Misguided: Nationwide campaign to boost social worker numbers

Misguided: Nationwide campaign to boost social worker numbers

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Up the salaries of social workers to make vocation as prestigious as law and medicine instead.

By The Social Guru

It has been reported that a huge drive to attract more people to become social workers is currently being carried out.

With 800 registered social workers, Singapore is still in need of 200 more practitioners.

It has also been revealed that a social worker pulls between $2,550 and $2,750 a month.

And to drive these points home, an ongoing nationwide campaign that includes print and TV advertisements has been launched to promote social work as a career of choice.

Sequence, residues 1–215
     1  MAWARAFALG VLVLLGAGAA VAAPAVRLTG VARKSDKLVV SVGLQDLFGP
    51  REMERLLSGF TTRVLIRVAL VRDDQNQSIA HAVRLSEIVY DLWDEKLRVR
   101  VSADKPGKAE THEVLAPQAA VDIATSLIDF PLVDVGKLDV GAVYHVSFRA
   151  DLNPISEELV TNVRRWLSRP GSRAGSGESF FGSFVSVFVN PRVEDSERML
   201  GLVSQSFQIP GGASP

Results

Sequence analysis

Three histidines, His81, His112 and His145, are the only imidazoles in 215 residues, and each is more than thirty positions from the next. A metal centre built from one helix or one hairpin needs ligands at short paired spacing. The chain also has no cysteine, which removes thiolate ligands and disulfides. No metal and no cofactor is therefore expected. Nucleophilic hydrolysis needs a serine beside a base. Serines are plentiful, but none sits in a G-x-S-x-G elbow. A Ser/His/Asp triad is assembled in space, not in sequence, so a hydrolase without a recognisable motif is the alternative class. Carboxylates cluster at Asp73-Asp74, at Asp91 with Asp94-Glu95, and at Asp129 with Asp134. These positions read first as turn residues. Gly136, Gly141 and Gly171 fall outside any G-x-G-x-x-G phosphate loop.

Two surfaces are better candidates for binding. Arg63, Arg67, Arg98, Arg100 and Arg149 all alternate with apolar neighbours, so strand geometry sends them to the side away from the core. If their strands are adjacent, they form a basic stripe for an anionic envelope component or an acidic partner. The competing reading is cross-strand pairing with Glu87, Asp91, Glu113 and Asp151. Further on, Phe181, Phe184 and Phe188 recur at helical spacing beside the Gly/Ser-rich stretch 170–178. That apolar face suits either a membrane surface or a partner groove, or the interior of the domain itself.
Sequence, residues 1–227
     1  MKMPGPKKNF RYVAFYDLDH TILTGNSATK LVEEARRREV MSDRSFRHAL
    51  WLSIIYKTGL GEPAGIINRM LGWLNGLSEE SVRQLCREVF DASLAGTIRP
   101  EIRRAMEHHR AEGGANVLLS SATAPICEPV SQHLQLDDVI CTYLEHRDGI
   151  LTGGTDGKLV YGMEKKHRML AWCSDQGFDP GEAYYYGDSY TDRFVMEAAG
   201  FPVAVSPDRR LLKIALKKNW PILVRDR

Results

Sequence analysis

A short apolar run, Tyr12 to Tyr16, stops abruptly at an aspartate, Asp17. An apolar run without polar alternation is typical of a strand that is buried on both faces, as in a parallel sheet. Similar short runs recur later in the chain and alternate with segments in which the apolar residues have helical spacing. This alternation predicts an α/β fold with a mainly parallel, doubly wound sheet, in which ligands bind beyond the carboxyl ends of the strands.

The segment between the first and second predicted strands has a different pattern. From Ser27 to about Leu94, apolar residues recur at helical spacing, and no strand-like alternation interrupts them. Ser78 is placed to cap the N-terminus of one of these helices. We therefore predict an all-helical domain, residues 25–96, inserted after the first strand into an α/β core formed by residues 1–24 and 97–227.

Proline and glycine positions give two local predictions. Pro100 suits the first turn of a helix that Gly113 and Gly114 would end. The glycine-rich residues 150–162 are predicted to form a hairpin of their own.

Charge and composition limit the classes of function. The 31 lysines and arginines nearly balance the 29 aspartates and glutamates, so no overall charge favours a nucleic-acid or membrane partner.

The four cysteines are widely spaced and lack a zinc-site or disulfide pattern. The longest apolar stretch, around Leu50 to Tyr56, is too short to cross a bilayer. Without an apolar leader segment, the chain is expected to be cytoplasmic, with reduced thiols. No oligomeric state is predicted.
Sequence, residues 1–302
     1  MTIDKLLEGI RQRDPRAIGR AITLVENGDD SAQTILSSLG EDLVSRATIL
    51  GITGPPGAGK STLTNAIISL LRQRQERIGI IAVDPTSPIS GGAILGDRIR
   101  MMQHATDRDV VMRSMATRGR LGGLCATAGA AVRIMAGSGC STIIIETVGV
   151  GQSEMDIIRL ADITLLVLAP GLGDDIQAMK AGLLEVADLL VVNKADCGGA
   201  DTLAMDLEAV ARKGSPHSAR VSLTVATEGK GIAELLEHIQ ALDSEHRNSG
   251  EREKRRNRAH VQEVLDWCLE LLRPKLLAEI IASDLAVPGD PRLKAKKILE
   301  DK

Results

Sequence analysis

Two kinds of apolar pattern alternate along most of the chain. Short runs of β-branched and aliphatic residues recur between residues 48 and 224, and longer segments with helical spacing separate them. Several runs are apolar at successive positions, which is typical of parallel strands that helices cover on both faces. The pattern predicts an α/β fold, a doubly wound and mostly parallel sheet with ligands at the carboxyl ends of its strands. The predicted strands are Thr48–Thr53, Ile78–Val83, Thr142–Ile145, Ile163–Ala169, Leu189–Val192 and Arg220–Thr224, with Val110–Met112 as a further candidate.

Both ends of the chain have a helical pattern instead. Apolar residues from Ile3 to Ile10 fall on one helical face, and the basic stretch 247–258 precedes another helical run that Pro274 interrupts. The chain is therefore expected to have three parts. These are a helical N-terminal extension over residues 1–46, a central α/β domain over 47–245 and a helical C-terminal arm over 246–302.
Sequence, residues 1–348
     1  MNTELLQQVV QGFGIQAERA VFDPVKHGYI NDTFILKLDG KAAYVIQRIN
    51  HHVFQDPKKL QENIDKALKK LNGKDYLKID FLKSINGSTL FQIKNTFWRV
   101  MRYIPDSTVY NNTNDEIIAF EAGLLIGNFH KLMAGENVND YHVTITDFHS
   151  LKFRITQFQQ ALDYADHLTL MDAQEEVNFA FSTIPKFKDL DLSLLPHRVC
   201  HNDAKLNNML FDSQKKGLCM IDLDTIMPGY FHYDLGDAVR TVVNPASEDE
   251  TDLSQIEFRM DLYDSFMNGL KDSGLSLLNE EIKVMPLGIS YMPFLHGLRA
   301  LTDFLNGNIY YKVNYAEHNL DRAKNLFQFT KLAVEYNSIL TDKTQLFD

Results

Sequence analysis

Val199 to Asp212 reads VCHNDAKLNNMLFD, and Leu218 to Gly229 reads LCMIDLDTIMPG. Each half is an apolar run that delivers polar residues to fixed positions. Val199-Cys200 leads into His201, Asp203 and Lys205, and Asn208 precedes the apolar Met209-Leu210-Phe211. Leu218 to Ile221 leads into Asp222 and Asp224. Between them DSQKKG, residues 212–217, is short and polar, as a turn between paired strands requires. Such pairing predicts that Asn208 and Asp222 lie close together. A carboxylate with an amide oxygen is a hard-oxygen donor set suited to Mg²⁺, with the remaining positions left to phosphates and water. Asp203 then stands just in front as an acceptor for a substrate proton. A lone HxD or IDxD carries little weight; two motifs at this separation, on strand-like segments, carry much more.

But how much money is that to coordinate a campaign of this scale, you think?

Millions of dollars annually? From taxpayers presumably?

Oh for crying out loud!

Why can’t the government take all that money and split it evenly among the 1,000 social workers that Singapore is targeting?

This will raise the profile of social workers significantly by tangibly raising the salaries by a quantum leap.

Because in Singapore, you see, the worthiness of a vocation is led by how much money it yields for the practitioner.

Price and opportunity cost will always be a determinant.

But check out what our favourite minister had to say about social workers.

Acting minister for Community Development, Youth and Sports, Chan Chun Sing, said the remuneration of being a social worker is competitive when compared to similar jobs, such as teaching, that serves the needs of others.